The combined surfactant included minor amounts of the following; a nonionic surfactant, based on tetramethyl decynediol, commercially available from Air Products and Chemicals, Inc., under the trade designation Surfynol 104; lecithin, available from Ross and Rowe, Inc., a mixed aminohydroxy compound available from Commercial Solvent Corp., and a silicone defoamer available from Dow Chemical Corp.
The polyethylene oxide used was a nonionic homopolymer, commercially available from Union Carbide under the trade designation POLYOX WSR N-80. Rheological measurements indicate that the resin has a relatively narrow distribution of molecular weights and an average molecular weight of 200,000. The viscosity range, at 25° C, using a Brookfield spindle No. 1, 50 revolutions per minute, is given as 81-105 cps for a 5 percent solution.
Polyethylene oxide polymers are polar linear resins characterized by a relatively large number of polar groups in the molecule. Such polyethylene polymers can be prepared by polymerizing ethylene oxide in contact with a catalyst such as alkaline earth amide or hexammoniates as is well known in the polymer art.
Polyethylene oxides which can be used in the present invention are those which have average molecular weights in the range of 100,000 to 350,000, preferably about 200,000. The polyethylene oxide can be present in an amount of from 0.1 to 1.5 percent by weight of the ink. Preferably the polyethylene oxide is present in an amount of from 0.4 to 1.0 percent and most desirably, about 0.7 percent. Amounts greater than 1.5 percent appear to create press problems during the printing operation.
For purposes of comparison, but not in accordance with the instant invention, a black pigmented aqueous flexographic ink composition was prepared as described in Example I, except that polyethylene oxide was not added. The ink viscosity was adjusted to 21 No. 2 Zahn seconds, and a series of corrugated cartons printed.
A side-by-side comparison of the printed cartons indicated that the composition containing polyethylene oxide showed an increased blackness of print and greater sharpness. The ink containing the polyethylene oxide had increased scuff resistance and dried faster with less smear.
Aqueous flexographic inks having the compositions shown below were prepared as described in Example I.
______________________________________ % % By ByBlue Weight Red Weight______________________________________Ink varnish 20 Ink varnish 15Synthetic water- Synthetic water-based varnish 15 based varnish 14Surfactant 2.5 Surfactant 2*Clay pigment 15 *Clay pigment 5Carbon black base 2.5Titanium dioxide 16.5 Titanium dioxide 6Phthalocyanine blue 3 Molybdate orange 20Methyl violet base 2.5 Lithol red 12Wax 1.0 Wax 1Water 17.5 Water 20**Polyethylene oxide 5 **Polyethylene oxide 5(water solution) (water solution)______________________________________ *The clay pigment functions as an extender pigment. A suitable extender i commercially available from Thiele Kaolin Co., under the trade designatio Burgess No. 80. **Prepared as described in Example I by adding 12 parts by weight polyethylene oxide to 88 parts by weight water.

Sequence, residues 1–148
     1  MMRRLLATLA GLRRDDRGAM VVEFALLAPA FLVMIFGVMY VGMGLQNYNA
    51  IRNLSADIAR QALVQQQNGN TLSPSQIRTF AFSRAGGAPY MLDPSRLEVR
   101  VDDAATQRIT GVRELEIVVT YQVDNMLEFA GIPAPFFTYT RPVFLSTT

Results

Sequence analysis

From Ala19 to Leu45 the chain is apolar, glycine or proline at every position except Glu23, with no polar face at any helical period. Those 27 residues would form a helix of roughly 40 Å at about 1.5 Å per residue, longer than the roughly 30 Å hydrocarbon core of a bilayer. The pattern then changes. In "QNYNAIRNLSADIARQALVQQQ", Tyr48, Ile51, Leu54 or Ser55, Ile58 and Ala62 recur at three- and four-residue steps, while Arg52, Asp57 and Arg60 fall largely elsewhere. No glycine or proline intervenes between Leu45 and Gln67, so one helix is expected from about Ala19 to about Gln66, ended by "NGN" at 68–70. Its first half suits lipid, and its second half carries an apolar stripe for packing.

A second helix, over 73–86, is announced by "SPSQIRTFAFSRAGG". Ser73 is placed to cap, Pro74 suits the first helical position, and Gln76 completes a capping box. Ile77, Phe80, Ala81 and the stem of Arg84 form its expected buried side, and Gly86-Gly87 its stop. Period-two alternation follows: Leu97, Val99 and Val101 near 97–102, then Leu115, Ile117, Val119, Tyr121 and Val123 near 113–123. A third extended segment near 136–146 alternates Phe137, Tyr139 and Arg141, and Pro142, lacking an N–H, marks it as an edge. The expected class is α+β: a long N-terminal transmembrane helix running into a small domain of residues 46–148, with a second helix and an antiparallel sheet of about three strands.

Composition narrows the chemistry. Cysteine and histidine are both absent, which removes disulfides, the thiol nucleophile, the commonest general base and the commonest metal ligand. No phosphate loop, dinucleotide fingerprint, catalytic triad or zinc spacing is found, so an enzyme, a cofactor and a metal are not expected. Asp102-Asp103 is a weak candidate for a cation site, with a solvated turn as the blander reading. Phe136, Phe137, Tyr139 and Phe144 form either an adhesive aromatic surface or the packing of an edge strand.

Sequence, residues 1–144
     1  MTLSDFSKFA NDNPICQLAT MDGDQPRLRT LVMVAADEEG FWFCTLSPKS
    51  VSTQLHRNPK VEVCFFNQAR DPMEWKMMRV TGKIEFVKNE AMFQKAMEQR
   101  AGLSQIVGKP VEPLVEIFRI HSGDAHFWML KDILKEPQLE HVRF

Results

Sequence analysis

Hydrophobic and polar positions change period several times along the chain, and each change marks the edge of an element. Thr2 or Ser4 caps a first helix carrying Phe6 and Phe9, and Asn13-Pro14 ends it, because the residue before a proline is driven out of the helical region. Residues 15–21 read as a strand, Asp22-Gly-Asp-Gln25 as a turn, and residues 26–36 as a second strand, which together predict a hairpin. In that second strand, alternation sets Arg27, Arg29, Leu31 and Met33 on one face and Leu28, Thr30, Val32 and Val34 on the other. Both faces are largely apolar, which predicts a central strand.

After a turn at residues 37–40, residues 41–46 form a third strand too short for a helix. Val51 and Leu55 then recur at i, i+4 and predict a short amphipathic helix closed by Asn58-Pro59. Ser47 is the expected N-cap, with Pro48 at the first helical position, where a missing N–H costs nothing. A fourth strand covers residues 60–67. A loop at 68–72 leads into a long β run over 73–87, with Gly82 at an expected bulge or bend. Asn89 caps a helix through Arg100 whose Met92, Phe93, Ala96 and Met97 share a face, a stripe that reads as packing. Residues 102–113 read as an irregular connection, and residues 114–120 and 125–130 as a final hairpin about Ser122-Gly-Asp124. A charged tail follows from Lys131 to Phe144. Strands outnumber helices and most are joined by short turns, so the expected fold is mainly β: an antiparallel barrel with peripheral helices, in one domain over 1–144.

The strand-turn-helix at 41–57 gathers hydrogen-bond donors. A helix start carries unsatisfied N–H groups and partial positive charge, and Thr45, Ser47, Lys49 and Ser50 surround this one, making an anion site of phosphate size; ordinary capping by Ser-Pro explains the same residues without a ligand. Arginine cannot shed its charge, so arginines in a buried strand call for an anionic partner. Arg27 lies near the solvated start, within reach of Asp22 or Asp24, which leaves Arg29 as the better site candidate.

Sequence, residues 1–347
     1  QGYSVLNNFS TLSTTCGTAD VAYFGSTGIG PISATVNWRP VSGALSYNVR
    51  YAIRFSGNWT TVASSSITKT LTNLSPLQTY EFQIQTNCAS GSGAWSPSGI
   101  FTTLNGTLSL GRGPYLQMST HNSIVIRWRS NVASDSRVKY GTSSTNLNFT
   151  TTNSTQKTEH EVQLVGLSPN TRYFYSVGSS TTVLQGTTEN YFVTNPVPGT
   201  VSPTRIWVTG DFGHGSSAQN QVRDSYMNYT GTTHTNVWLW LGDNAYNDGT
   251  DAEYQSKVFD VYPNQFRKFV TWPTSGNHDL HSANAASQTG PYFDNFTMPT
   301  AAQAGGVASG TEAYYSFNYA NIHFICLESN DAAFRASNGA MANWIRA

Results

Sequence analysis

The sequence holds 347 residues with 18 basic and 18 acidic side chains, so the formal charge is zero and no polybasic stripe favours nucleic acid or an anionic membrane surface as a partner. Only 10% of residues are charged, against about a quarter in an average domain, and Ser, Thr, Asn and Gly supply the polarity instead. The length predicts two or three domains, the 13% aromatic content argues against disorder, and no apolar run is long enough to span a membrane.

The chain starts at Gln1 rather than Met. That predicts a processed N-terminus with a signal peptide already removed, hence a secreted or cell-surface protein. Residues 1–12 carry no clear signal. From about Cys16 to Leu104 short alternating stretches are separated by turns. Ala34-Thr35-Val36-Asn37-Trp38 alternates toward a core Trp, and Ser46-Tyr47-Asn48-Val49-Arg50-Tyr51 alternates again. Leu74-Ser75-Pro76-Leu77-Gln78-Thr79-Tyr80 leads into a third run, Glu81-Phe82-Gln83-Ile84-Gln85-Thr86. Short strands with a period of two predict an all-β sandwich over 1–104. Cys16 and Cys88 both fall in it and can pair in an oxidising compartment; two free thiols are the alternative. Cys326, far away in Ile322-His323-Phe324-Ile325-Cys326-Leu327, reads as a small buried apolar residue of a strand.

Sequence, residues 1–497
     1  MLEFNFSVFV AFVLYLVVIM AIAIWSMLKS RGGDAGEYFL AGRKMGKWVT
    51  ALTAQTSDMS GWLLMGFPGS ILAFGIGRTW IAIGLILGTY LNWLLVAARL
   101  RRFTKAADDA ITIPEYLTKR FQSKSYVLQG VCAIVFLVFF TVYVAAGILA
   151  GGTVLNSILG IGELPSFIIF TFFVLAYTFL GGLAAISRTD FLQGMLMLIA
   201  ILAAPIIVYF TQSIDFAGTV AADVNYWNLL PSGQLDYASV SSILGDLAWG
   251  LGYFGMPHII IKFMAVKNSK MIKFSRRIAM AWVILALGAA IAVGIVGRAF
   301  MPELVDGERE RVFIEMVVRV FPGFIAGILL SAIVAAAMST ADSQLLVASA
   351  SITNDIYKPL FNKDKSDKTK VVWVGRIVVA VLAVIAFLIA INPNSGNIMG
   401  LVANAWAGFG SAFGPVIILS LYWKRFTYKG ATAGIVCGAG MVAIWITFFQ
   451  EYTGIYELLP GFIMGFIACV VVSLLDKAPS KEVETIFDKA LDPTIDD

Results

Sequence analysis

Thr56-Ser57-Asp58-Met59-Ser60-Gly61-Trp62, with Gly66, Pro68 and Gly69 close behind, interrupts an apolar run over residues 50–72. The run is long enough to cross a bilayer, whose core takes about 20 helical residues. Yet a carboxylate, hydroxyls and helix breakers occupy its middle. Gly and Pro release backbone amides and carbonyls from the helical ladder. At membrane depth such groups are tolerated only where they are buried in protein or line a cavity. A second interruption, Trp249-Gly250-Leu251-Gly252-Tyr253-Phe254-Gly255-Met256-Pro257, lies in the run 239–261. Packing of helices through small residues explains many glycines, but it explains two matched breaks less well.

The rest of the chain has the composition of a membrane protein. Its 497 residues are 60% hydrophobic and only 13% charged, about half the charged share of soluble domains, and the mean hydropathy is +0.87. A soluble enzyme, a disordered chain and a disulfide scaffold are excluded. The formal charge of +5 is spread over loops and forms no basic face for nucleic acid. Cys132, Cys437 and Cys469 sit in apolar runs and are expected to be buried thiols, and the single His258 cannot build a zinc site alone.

The inks were placed on a flexographic printing press and the ink viscosity adjusted to 16 No. 2 Zahn seconds.
Comparative tests were conducted using corresponding red and blue inks which did not contain polyethylene oxide. The color of both the red and blue inks containing polyethylene oxide was more intense on the cartons than the color of the regular inks. In addition, the inks of the instant invention eliminated the striation which was present on the cartons printed using the regular ink.
Experimental tests were conducted to determine the effect of substituting carboxymethyl cellulose or polyvinyl alcohol for the polyethylene oxide of the present invention; no improvement of ink transfer properties was obtained.
Further experimental tests indicate that the aqueous flexographic inks of the instant invention have numerous advantages over flexographic inks known in the art. Increased color, sharpness and intensity are obtained. In addition, the inks provide virtual elimination of print striation, minimize print mottle, and mask roller defects. Other advantages include increased mileage through greater tolerance of water dilution, greater color uniformity in a high and low viscosity range, improved printing on rough surfaces and increased lubricity which reduces die wear.
Since rotogravure inks and flexographic inks both contain significant amounts of solvents and have a low viscosity aqueous rotogravure inks, containing polyethylene oxide to improve ink transfer properties and to reduce wear on the expensive copper or chromium faced cylinders can be prepared.